Holiday Marketing Targeting Grandparents: How to Hit the Retail Jackpot

targeting grandparents

As your small retail store prepares for the holiday shopping season, don’t forget about an often overlooked, but highly profitable, segment of shoppers: Grandparents. Holiday marketing targeting grandparents can be a great idea.

Polling company CivicScience analyzed data from nearly 185,000 grandparents who responded to its surveys in the past year. Below is what they found and how it can shape your holiday marketing.

Holiday Marketing Targeting Grandparents Tips

The holiday season brings with it a unique opportunity to connect with a diverse range of customers, including a demographic that is often overlooked but holds significant purchasing power – grandparents.

Grandparents not only play a pivotal role in family dynamics but also in the economy, particularly during the holiday season.

As they seek to spoil their grandchildren and find joy in gift-giving, understanding and catering to their specific needs and preferences can be a key strategy for businesses during this festive period.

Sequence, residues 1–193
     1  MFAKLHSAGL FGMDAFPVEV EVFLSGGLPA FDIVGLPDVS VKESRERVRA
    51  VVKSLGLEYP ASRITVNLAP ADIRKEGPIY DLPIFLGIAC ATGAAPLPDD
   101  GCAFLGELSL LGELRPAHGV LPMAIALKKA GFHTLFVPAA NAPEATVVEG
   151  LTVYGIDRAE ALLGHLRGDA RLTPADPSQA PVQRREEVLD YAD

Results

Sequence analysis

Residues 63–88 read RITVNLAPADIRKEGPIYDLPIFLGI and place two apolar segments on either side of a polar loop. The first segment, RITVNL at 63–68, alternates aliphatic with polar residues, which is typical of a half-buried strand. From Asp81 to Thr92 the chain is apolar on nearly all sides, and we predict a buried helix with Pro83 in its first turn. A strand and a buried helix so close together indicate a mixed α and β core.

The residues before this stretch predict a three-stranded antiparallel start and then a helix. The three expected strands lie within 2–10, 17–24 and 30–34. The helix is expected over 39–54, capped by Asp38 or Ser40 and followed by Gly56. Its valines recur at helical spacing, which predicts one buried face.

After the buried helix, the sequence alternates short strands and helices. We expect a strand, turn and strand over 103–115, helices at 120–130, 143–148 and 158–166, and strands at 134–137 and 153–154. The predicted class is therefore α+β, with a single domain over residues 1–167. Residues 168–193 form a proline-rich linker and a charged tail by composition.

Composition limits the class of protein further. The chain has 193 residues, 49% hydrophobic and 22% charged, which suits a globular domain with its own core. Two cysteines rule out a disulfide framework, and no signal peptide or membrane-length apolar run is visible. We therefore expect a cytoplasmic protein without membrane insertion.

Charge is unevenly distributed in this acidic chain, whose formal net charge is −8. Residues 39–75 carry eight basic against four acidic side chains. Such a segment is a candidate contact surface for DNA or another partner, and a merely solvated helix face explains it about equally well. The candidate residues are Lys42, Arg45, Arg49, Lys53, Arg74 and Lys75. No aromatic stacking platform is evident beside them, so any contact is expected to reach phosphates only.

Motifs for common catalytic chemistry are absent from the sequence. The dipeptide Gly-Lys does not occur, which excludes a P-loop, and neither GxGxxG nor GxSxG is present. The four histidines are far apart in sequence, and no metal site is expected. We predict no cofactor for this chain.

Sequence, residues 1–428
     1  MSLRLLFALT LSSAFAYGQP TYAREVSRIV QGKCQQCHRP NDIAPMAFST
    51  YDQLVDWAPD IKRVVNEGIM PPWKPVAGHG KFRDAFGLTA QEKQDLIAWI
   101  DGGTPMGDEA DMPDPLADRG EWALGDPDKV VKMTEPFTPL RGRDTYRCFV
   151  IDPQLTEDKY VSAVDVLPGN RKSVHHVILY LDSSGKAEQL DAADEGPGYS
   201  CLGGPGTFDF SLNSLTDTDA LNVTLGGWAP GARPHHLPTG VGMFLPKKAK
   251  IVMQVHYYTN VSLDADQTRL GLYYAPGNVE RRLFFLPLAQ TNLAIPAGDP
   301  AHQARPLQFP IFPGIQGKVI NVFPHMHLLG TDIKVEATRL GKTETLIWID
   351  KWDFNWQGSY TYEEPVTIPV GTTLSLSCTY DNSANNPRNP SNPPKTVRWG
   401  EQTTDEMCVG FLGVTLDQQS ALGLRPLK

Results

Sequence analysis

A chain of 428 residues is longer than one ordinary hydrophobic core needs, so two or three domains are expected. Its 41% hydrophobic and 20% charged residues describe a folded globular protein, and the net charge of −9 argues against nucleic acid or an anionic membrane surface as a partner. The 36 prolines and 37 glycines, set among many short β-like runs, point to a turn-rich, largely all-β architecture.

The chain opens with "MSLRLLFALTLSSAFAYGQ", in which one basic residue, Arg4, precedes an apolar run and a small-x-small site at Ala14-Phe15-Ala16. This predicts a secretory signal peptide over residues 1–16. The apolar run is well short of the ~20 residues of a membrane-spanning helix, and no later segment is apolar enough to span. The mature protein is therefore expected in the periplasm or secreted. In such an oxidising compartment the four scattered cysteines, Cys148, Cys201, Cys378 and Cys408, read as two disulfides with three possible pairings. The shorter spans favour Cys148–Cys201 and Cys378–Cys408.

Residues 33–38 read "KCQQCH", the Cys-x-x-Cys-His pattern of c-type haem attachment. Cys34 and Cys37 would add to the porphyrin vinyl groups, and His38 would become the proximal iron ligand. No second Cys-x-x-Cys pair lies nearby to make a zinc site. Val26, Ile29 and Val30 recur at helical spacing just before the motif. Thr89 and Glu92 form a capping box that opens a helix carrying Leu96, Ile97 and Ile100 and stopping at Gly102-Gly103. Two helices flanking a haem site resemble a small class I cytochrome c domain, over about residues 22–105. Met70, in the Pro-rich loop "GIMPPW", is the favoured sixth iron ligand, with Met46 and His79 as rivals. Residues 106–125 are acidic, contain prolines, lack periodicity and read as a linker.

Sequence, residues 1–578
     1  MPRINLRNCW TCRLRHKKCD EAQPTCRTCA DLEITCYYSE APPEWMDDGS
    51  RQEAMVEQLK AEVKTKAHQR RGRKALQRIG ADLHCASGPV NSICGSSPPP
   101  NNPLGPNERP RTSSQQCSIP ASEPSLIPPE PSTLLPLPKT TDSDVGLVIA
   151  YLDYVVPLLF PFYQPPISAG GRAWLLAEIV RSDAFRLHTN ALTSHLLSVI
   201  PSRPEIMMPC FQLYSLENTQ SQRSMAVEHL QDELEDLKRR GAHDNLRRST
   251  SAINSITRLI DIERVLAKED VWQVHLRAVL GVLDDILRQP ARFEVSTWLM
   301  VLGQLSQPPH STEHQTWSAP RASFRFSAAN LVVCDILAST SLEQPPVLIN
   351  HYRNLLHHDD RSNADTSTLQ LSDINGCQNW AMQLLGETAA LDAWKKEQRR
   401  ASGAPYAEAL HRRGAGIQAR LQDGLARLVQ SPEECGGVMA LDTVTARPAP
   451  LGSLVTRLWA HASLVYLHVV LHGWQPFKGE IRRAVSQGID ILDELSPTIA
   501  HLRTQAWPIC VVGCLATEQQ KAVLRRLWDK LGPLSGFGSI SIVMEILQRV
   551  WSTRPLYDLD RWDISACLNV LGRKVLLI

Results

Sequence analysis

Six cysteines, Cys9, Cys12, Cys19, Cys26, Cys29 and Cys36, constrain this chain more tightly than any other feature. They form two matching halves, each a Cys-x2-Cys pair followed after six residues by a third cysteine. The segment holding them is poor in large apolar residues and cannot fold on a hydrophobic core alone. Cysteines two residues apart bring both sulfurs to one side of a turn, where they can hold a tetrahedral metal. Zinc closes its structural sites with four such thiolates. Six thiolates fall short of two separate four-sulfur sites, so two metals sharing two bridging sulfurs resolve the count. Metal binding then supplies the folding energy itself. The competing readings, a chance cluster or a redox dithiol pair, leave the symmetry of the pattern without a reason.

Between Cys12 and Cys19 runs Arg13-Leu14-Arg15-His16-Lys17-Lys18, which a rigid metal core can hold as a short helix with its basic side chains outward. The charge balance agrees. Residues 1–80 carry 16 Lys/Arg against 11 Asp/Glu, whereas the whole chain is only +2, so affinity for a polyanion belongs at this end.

Below, we delve into various aspects of holiday marketing targeting grandparents. From their shopping preferences to the kind of experiences they value, these insights will help you tailor your marketing efforts effectively.

Let’s explore how your business can resonate with and captivate this important customer segment during the holidays.

Grandparents are More Likely to Frequent Brick-and-Mortar Stores

holiday marketing targeting grandparents

More than 70 percent of grandparents do most or all of their shopping at physical stores. Better yet, they are more likely than parents to shop at small, independent retail stores (16 percent, compared to 9 percent of parents).

What to do About it:

Emphasize your store’s independent roots. Play up your story, yourself and your employees in your marketing. Participate in Small Business Saturday (November 29, 2014) to attract attention as an independent retailer.

Upscale Grandparents Buy More

holiday marketing targeting grandparents

While many grandparents are on a fixed income, there are plenty who have money to spare. Grandparents most likely to say they “spoil” their grandchildren with gifts typically have annual household incomes of $150,000 or more.

What to do About it:

Because these grandparents also watch an average of six hours of TV per day, cable advertising can be a good way to reach this segment. Since other studies have shown that high-income consumers are more likely to shop online, try including your website URL in your ads to attract those seniors who want to shop or research purchases online.